Werewolves Within is a recent horror-comedy somewhat based on a VR game with the same name. While I haven’t personally played the VR game, the premise is one that many people are aware of. If you’ve ever play Town of Salem, Mafia, or Werewolf, then you get the gist of it. Somebody is a werewolf, and the players have to sort out who it is while the werewolf tries to get the people to turn on each other.
Werewolves Within the movie starts with a cold opening, establishing that something is out there, then we cut to nearly 30 days later Finn Wheeler is moving into the extremely small town of Beaverfield. The town is filled with untrusting people, people having affairs, and is completely divided over the fact that an oil company wants to build a pipeline and some people in town are willing to sell to them while others are not. After meeting all the characters, Finn wakes up to one of the residents crying about her dead dog, and the town is without power, and they are blocked in from the snow. While he investigates the power outage, he also finds the body of the man from the cold opening who the town had presumed ran away.
So we have a bit of a closed circle trope for a whodunit mystery, just with the notion that there is a werewolf at the center of all of this. The movie plays out in a pretty familiar but entertaining fashion. It starts with the people in town trying to work out who it might be, another attack happens, they turn on each other
– at this point, the closed circle trope is messed with, the town is still cut off, but the group leaves the place where they had previously been isolating together and separate, which breaks it a bit –
and we are left to watch the hilarious and gory aftermath. Everybody in town is a reasonable suspect, and everybody in town has good reason for wanting the group to assume it is somebody else. Those wanting to sell for the pipeline, for instance, want to turn on the holdouts. Finn takes the role of the outsider who is trying to bring and keep everybody together but with great difficulty.
The movie isn’t doing anything new, but it does combine a lot of different familiar elements in fun ways. It has a lot of the markers of classic whodunits. The characters fit into their various tropes to a tee and are a bit larger than life, but in a way that doesn’t feel mocking as much as tongue in cheek. The setting of a cabin out in the middle of nowhere during a snowstorm is something we are used to in the mystery genre. People might also find some familiarity in the way things unfold, coming together, getting scared, something happens, suspecting each other, etc. We have seen mysteries play out these ways before. It is well done, though, and the supernatural parts remain over us.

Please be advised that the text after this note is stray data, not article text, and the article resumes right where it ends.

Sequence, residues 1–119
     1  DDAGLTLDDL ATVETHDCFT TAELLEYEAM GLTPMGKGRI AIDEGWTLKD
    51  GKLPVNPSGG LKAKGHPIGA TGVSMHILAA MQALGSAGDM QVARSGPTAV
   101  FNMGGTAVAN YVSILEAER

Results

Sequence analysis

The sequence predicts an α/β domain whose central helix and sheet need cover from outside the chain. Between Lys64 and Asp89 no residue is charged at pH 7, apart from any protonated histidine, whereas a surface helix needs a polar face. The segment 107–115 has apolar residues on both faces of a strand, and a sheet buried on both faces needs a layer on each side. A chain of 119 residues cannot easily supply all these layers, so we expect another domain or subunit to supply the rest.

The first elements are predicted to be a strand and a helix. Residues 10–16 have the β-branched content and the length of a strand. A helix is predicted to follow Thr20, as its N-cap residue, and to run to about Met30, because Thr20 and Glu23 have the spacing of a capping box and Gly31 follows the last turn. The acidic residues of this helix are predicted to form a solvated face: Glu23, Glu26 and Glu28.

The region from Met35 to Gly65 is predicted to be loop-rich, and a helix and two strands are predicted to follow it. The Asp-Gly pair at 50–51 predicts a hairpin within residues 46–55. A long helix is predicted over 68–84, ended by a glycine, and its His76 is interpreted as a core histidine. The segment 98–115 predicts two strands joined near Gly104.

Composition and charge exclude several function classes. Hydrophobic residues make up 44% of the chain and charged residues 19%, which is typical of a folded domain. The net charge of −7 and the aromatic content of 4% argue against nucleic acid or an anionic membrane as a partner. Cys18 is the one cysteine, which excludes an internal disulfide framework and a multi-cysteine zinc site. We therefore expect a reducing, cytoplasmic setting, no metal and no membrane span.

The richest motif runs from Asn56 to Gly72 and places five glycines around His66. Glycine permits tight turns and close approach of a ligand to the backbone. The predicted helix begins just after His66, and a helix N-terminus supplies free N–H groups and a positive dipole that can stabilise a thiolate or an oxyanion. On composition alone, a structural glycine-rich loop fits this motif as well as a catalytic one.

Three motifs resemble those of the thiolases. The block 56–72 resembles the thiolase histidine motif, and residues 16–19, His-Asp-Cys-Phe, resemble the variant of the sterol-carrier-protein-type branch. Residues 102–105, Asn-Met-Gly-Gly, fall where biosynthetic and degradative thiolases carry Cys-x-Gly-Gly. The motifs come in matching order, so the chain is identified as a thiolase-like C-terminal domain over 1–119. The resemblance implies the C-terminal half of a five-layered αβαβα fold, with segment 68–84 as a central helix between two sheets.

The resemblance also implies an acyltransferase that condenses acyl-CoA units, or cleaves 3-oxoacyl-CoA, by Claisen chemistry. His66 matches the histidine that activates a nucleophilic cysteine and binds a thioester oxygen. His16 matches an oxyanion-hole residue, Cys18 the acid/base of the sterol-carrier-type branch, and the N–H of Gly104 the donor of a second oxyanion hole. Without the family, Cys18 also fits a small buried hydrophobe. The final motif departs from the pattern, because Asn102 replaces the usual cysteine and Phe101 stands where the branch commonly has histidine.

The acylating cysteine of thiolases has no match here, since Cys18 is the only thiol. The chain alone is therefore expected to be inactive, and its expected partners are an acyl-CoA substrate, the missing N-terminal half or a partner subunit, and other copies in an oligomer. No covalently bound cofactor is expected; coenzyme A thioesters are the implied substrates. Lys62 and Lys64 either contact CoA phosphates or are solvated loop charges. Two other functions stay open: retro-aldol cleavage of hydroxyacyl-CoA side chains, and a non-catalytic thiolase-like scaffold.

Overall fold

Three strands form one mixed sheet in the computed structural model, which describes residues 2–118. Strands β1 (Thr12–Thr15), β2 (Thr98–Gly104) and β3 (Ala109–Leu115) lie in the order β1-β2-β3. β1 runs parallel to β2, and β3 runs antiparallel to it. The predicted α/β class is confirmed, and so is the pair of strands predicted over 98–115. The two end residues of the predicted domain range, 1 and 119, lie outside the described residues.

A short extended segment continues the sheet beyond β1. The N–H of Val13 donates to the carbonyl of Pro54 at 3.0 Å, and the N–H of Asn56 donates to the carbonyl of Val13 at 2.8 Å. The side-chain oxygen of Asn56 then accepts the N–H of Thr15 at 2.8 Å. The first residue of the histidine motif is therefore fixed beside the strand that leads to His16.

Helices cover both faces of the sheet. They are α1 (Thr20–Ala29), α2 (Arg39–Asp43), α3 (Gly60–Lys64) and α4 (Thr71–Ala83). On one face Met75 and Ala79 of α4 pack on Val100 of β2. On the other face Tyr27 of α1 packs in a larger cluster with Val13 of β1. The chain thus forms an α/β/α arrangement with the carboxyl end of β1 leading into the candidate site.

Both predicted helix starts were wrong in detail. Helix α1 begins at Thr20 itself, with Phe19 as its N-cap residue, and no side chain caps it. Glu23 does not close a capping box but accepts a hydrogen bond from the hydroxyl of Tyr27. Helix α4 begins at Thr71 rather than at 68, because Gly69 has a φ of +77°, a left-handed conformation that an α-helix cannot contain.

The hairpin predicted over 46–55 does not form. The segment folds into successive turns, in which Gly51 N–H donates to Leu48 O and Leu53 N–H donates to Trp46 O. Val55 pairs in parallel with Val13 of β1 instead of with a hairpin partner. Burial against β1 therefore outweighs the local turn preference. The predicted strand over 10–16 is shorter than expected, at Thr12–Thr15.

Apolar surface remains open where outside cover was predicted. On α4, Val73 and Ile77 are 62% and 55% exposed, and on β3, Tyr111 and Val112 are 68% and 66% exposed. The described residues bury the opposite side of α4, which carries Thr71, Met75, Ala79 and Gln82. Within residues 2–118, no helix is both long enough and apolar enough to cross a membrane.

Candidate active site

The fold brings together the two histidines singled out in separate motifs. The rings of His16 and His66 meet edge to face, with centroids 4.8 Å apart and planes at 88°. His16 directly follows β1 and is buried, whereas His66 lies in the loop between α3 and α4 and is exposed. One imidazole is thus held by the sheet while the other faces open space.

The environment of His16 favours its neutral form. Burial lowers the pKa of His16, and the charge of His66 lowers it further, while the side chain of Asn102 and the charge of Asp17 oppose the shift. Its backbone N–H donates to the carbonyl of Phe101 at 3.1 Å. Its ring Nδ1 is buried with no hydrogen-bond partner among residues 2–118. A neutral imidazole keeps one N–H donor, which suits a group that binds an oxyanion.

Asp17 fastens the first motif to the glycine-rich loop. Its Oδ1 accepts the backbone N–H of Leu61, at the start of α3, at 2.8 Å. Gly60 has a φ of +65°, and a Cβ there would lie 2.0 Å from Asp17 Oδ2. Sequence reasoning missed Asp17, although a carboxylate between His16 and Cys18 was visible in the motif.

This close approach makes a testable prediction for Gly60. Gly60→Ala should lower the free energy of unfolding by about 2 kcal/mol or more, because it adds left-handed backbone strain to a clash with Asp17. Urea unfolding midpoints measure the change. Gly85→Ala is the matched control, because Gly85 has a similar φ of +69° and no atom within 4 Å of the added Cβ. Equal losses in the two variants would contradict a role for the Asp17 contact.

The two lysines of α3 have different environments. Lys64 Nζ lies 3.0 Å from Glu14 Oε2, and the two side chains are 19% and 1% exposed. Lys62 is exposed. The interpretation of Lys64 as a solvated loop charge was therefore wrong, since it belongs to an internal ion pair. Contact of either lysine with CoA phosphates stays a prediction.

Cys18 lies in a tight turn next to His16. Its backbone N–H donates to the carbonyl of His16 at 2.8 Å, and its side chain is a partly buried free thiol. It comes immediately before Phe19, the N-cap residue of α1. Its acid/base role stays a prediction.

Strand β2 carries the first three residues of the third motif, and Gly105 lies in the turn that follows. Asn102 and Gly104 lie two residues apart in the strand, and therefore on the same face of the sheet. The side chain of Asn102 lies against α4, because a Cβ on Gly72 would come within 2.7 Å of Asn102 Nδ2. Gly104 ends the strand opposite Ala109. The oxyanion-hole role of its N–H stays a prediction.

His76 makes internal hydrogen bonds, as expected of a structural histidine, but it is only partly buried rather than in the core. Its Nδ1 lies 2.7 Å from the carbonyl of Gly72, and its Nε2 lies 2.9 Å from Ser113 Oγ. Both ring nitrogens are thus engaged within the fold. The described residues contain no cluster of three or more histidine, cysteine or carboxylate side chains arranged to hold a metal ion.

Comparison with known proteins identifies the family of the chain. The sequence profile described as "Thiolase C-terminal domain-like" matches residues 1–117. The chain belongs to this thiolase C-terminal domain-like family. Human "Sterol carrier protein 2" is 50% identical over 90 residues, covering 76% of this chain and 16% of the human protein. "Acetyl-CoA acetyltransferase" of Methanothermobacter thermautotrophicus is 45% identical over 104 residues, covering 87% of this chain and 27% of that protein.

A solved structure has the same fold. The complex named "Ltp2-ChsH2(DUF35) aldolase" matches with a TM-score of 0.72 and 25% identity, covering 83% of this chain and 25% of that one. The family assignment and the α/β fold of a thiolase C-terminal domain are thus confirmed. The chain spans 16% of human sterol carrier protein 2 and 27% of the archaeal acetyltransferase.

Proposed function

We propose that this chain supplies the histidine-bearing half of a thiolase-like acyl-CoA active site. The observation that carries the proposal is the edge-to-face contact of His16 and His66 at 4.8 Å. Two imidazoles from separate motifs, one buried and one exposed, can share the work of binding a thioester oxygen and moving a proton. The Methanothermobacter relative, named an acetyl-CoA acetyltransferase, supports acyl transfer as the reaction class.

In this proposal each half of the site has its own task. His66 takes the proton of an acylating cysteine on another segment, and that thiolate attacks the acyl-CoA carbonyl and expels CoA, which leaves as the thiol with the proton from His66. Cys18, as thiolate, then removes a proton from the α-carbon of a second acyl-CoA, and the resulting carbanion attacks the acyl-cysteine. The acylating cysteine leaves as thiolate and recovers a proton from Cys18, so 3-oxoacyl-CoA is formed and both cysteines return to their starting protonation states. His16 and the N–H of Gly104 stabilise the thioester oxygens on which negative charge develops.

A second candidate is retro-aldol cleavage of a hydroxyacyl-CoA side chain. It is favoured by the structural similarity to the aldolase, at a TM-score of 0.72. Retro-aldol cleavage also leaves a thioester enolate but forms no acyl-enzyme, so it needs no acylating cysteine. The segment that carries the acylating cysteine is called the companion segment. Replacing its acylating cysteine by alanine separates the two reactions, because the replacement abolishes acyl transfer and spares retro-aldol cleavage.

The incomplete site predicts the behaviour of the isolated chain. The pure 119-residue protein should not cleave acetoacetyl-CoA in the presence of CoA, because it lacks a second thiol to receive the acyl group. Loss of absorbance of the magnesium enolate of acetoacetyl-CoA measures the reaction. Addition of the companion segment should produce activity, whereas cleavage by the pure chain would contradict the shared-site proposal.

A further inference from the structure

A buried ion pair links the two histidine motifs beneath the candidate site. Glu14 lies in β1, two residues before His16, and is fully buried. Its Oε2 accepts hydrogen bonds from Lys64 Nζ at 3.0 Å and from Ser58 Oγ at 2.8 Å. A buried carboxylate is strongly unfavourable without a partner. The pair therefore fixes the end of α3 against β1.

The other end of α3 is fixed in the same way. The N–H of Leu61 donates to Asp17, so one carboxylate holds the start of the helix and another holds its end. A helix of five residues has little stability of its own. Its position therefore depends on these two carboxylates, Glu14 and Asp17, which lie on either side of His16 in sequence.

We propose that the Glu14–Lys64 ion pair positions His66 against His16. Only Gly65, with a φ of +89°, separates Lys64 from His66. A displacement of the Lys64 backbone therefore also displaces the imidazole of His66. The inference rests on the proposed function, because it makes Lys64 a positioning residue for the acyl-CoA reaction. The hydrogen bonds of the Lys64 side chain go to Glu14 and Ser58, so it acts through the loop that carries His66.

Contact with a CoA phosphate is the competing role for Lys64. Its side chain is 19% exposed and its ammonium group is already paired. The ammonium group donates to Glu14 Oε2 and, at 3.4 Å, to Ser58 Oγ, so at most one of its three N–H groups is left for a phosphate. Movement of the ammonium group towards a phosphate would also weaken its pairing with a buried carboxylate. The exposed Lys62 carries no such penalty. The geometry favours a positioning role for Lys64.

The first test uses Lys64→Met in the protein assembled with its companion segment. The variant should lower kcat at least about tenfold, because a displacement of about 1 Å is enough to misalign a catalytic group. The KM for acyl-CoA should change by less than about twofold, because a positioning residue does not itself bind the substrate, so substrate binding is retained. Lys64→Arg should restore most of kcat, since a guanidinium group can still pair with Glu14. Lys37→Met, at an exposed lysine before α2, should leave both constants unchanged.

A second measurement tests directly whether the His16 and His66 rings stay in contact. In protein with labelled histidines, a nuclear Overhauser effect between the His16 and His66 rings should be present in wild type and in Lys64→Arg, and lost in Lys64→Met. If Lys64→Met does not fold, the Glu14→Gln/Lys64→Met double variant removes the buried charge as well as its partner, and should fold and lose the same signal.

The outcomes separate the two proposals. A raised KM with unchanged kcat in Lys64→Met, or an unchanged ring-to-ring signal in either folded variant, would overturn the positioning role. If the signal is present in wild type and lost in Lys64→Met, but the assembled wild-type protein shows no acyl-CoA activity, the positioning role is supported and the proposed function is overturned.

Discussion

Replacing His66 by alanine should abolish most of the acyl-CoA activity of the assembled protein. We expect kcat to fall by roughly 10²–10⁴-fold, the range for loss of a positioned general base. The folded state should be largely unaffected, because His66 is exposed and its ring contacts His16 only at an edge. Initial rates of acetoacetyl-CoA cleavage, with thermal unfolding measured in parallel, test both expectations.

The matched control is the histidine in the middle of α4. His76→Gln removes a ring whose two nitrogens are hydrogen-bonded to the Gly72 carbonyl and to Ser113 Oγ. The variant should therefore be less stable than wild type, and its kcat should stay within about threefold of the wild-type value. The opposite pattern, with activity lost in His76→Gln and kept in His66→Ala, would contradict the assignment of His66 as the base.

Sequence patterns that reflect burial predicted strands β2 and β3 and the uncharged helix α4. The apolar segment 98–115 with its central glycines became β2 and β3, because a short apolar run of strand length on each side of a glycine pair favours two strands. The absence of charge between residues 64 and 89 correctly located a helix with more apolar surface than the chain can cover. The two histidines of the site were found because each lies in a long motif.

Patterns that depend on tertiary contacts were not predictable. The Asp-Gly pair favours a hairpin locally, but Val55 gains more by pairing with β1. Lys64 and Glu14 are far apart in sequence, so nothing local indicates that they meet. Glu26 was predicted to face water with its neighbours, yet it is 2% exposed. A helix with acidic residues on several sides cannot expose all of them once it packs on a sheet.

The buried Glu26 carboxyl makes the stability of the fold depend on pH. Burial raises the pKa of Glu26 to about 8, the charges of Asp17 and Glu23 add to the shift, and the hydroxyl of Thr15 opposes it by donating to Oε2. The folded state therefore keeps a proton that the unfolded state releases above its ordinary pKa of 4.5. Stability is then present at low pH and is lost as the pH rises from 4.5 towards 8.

There is also a lot of interplay and quick humor. Much like movies like Clue, there are many back and forth moments; still, the movie never felt overwhelming. There is a lot of humor, and a lot of it is rapid, but there are decent moments to breathe.
The mystery element is pretty decent if not the most focused on. It does bill itself as a mystery movie just with werewolves and it… mostly holds to that? To be honest, uncovering clues and finding out who it is, is massively put on the backburner. There are only a few moments where I feel like “mystery movie” was really being pushed. However, this isn’t a bad thing; just if you are a huge fan of mysteries, know that humor, horror, and character/setting tropes from mysteries are more what you will be getting and less clue gathering and sorting it out.
The horror is decent and works well for this being a horror-comedy. The movie again aims to have more horror elements, such as gore, a few jump scares, some horror-related spectacle, etc., than true fear. But this should be expected. Very few horror-comedies manage to be legitimately fear-inducing horror movies. The horror is there more for fun and to add a little spice to the mystery we have.
The pacing of the movie is well done. While elements of the movie might feel a bit predictable, it is laid out really well and moves at a good speed. I never felt bored waiting for what I knew would be a pretty big climax, and once the movie does take off, it manages to pack a punch without being too overwhelming.
The message of the movie is pretty clear (if not a little too much) and one that we hear a lot, but one I think is worth repeating. Finn is desperately trying to remind everybody they are a community while the people that make up that community relentlessly show each other otherwise. The “who are the real monsters, and is there even one” blankets the entire movie. It’s well done and, as I said, a worthwhile message to put out there. However, the movie is also pretty brutal, so for all the message is kitschy, the horror doesn’t let it go too far.
All in all, I think this movie is delightfully funny. I laughed a whole lot and enjoyed the ride pretty much from start to finish. I have a bit of a take about the ending but will be holding off on that until more people get to experience this movie. I will fully recommend it to all genre fans but also fans of comedies and mysteries that can handle a bit of the gore and horror elements. I will warn again that the “mystery” part is really more about how the movie is presented than there is much mystery sorting. It is still completely worth it, though. If none of this appeals to you, then I might even still say consider it just because it’s such a fun experience. I won’t rate it as one of the best movies I’ve seen of all time, but I will rate it as one of the most entertaining with little to pick at.
What about you? Have you seen it? Did you enjoy? Let me know! Also be on the lookout for me perhaps talking about the ending as I said…